The Commission looks to extend the Arise funding scheme for early career researchers in Africa, as France’s Research Institute for Development leads talks on a new research alliance
Africa is fast becoming a key priority on the EU’s foreign policy agenda and research and innovation has a role to play in deepening the partnership – but investment and integrated strategies are needed to encourage more cooperation.
“We need a reinforced and deepened discussion between the Commission, member states and stakeholder organisations on how to establish framework conditions to ensure a sustainable partnership with our African partners,” said Patrick Nedellec, director for European and international cooperation at the French Ministry of Higher Education and Research, speaking at an event focused on R&I partnerships with Africa, organised by the French permanent representation to the EU.
This is one of three events focused on deepening cooperation with African partners taking place in Brussels this month, with Germany and Nordic universities holding their own discussions.
The ambition for strengthened cooperation is part of the EU’s global agenda. Research is one of the 11 priority areas of the Global Gateway, Ursula von der Leyen Commission's €250 billion project investing in infrastructure and development projects in regions ranging from Latin America and the Caribbean, to Sub-Saharan Africa.
When it comes African research cooperation, the political will is there, with the EU and the African Union signing a joint innovation agenda earlier this summer, promising to accelerate talent circulation, develop research infrastructures and foster the emergence of joint centres of excellence.
But this is only the beginning. There’s a need for further resources, better policy and integrated strategies to create the right framework for cooperation.
Lots of ideas are on the table. France’s Research Institute for Development (IRD) is currently in discussions with European research institutions on forming a new alliance for research and sustainable development – linking the efforts in different policies areas and levels.
“We believe that the proposal to create the European Research Alliance for Sustainable Development in the Global South is critical if we want to better link Horizon Europe research outputs with development policies and programmes supported by Global Europe,” said Gilles Pecassou, deputy director general at the IRD.
Cooperation with Africa is set to become increasingly pertinent as the talks on the next seven-year framework research programme, FP10, due to start in 2028, gather speed. A key debate will be around how European science can remain open to the world as the fight for strategic autonomy takes centre stage – including openness to strengthening ties with Africa.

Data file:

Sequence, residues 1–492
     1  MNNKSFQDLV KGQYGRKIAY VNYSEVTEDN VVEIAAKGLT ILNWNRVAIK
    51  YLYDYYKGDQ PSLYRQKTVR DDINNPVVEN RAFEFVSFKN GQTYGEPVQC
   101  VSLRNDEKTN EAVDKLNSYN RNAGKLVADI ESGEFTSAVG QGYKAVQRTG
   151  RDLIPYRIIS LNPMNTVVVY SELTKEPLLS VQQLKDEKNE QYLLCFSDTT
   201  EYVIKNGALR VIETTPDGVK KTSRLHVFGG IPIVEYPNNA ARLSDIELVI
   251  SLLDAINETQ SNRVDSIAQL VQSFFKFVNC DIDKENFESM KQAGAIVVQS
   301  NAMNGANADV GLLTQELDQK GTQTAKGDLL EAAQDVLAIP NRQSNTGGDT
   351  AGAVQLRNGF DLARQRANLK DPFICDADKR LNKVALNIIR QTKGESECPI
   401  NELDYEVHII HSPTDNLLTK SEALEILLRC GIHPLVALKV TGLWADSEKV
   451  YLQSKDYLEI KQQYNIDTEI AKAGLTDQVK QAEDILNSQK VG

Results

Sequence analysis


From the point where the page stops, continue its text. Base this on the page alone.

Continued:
"The debate on FP10 will be most probably very revealing on where we stand in real terms regarding Africa," said Erik Hansalek, head of unit for Africa at the Germany’s ministry for education and research. With EU budgets under pressure. “I would not be surprised to hear the question being raised rather prominently: what’s in for Europe when we cooperate with African provinces on R&I?” he said.
Arise project success
There are talks of new initiatives but cooperation hasn’t been standing still in the past few years. At the event on Wednesday, many highlighted the success of the African Research Initiative for Scientific Excellence (ARISE), an EU-funded pilot that provides European Research Council-style support for early career researchers in Africa.
Discussions on continuing the project beyond the pilot phase have gathered significant support. In early June, a group of around 2,000 European and African universities signed a call to extend the pilot to 2027, in addition to launching additional funding schemes for mid-career and senior researchers.
The Commission is trying to find a way. Earlier this week, the Commission held a meeting with the representatives of the African Academy of Sciences to discuss extending the programme, Hans Stausboll, director for Africa at the Commission directorate for international partnerships confirmed on Wednesday.
And there’s funding in Horizon Europe, EU’s €95.5 billion research and innovation programme, too. In the last three years, the Horizon Europe Africa Initiatives have covered 60 different topics in competitive calls for proposals with a budget of €650 million.
The topics include green, digital, health, innovation and capacity building. They were co-designed with stakeholders in Africa and have attracted significant interest, with organisations from more than 40 African countries participating.
But there’s still a long way to go to improve cooperation, and EU-level funding won’t suffice. Many speakers at the event pointed to EU member states’ reluctance to boost their efforts on R&I cooperation with Africa, with only a few countries doing the heavy lifting.
On the African side, a better policy mix, more resources and more efficient management structures are needed to give research a boost, said Olusola Bandele Oyewole, general director of the Association of African Universities.
Editor's note: A previous version of this story mistakenly credited Gilles Pecassou's quote to Olivier Dangles, deputy science director at the IRD, and said ARISE was funded by Horizon 2020 rather than the EU's Development Cooperation Instrument. The article was updated on 15 September.